Earlier this year, in preparation for the Canada 150 celebrations, 150 communities across Canada – including the City of Steinbach - were invited to produce a mural relevant to their community. When Steinbach’s citizens were asked to select a symbol for our city to be incorporated into the mural, the majority of those responding requested that the symbol be our MHV windmill. People of all ages volunteered to paint their own unique tile, later combined artistically with all the other tiles to create one large mosaic. This beautiful mural will eventually arrive at its permanent home on the Jake Epp Library building, but it is currently residing at MHV and will be available for our guests to view on Canada Day.

   Our Canada 150 festivities will include a flag-raising ceremony, with speeches by our political leaders and birthday cake. The day will also feature interpreters in many of our museum buildings, horse-drawn wagon rides, barrel-train rides, entertainment in our new pavilion and lots of good food. At 6:00, activities will wrap up at MHV and resume at the soccer park at 8:00. The evening activities will include music, cupcakes and fireworks.

   There will be no admission charges at the museum or the soccer park. What a great opportunity for our community to get out and celebrate the 150th anniversary of our country’s confederation.

Calendar of Events

July 1: Storied Places exhibit opens in the Gerhard Ens Gallery

July 1: 9:00 AM – 6:00 PM - Steinbach’s Canada Day Celebrations

July 10-14: Pioneer Day Camp for children ages 5-7

August 4-7: Pioneer Days - 9:00 AM – 6:00 PM daily

August 14-18: Pioneer Day Camps for children ages 8-10

August 16: Heritage Classic Golf Tournament at Quarry Oaks

Village News

Campaign Update

   In September 2015, Mennonite Heritage Village (MHV) rolled out our continuing development initiative called Foundations for a Strong Future. This focused campaign is designed to address several of our museum’s more significant needs, apart from day-to-day operations.

   The projects it will cover fall into three categories. The first is Building Restoration. This involves the rejuvenation of several of our heritage buildings.

   The major item in this category is the Waldheim House, the oldest building in our village and the first building to be brought to this site. With the help of a Canada 150 grant and additional gifts from the Thomas Sill Foundation, the Steinbach Credit Union, the RM of Hanover and numerous individuals, this project is now well underway.

   Our Windmill and the Old Colony Worship House have benefited from repairs and new paint. The Windmill does still need additional significant maintenance.

   This category also includes the replacement of all the 27-year-old furnaces, air conditioners and air make-up units in our Village Centre. This part of the project is essential for the preservation of our artifacts, by maintaining control of our climate in the galleries and artifact storage rooms. We have completed the first stage of this project, with two more to go.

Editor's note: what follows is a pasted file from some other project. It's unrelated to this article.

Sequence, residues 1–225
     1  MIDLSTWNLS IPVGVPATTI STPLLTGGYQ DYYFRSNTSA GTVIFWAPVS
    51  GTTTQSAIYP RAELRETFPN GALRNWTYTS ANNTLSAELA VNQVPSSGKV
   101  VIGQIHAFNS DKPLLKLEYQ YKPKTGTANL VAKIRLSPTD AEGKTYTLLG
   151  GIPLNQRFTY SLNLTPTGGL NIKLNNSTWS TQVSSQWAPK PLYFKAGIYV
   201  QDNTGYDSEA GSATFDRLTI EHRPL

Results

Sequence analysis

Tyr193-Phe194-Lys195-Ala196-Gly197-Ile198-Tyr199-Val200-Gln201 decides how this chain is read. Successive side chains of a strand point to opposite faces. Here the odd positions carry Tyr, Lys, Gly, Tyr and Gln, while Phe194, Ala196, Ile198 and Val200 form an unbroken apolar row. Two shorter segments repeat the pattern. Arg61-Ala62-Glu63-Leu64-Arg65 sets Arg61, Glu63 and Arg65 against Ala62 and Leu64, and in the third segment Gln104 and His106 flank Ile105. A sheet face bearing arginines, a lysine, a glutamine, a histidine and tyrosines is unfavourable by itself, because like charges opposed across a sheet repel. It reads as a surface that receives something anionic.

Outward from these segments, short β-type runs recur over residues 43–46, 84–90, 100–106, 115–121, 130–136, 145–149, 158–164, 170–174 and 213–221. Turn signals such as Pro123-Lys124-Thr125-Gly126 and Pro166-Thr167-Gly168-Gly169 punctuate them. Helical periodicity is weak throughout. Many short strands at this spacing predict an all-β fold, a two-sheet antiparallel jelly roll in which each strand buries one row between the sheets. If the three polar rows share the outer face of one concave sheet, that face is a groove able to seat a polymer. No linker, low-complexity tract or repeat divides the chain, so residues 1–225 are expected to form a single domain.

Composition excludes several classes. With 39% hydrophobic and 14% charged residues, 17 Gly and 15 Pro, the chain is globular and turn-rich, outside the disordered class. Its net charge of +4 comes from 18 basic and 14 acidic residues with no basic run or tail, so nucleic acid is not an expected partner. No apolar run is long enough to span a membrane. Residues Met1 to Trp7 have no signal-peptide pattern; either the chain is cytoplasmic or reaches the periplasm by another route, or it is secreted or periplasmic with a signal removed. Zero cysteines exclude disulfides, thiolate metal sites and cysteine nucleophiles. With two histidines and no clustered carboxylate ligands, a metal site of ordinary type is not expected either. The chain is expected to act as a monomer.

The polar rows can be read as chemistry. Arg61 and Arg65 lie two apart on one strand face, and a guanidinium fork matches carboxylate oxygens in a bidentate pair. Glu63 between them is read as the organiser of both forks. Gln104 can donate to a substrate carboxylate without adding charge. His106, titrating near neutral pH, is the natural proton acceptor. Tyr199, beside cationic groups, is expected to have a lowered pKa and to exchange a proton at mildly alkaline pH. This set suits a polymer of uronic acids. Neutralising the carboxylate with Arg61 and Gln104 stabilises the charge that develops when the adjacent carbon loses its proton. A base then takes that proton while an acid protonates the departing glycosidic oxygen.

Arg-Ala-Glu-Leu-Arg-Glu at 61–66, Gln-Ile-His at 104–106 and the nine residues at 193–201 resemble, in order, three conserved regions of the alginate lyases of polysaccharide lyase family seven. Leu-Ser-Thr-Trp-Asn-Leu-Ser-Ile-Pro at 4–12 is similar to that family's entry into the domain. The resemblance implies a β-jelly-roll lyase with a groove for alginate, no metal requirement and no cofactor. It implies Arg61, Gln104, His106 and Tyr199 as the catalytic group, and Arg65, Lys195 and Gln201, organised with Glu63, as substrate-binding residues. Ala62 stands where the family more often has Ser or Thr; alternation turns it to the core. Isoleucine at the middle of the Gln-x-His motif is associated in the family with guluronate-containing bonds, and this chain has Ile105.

The second project category is New Construction. We have almost completed our new event centre, which will function as a permanent and enhanced version of the big white tent we used to erect annually. This building will serve MHV’s Education Program and festival events and will also provide the community with a new venue for such events as parties, receptions, family gatherings, and staff picnics. This facility is almost complete and we expect to have the landscaping done by July 1.

   Financial Stability is the third project category. This involves the elimination of our debt and the enhancement of our Endowment Fund. Both of these are essential for efficient operations year to year.

   MHV continues to be blessed by gifts from a generous constituency and significant grants from governments and several supportive private foundations. To date, our cash and pledges exceed $2,100,000 toward a goal of $3,000,000. So we are well on our way to meeting that goal.

   One of the critical aspects of a focused campaign such as this is the risk of losing operating cash flow. Sadly, some of our regular operating donations are being allocated to the campaign instead. While we understand how this works, it doesn’t reduce our significant need for annual operating funds. Taxes, energy bills, insurance premiums and salaries must be paid if we are to appropriately maintain our collection of artifacts and continue our established programs.

   MHV’s vision is to be the premier interpretive centre of the Russian Mennonite story. We are pleased to be able to offer Southeastern Manitoba a tourist attraction visited by people from more than 50 countries every year. And we feel it is our responsibility and privilege to be a community builder, offering our community gathering places and creating festival events where we can celebrate together.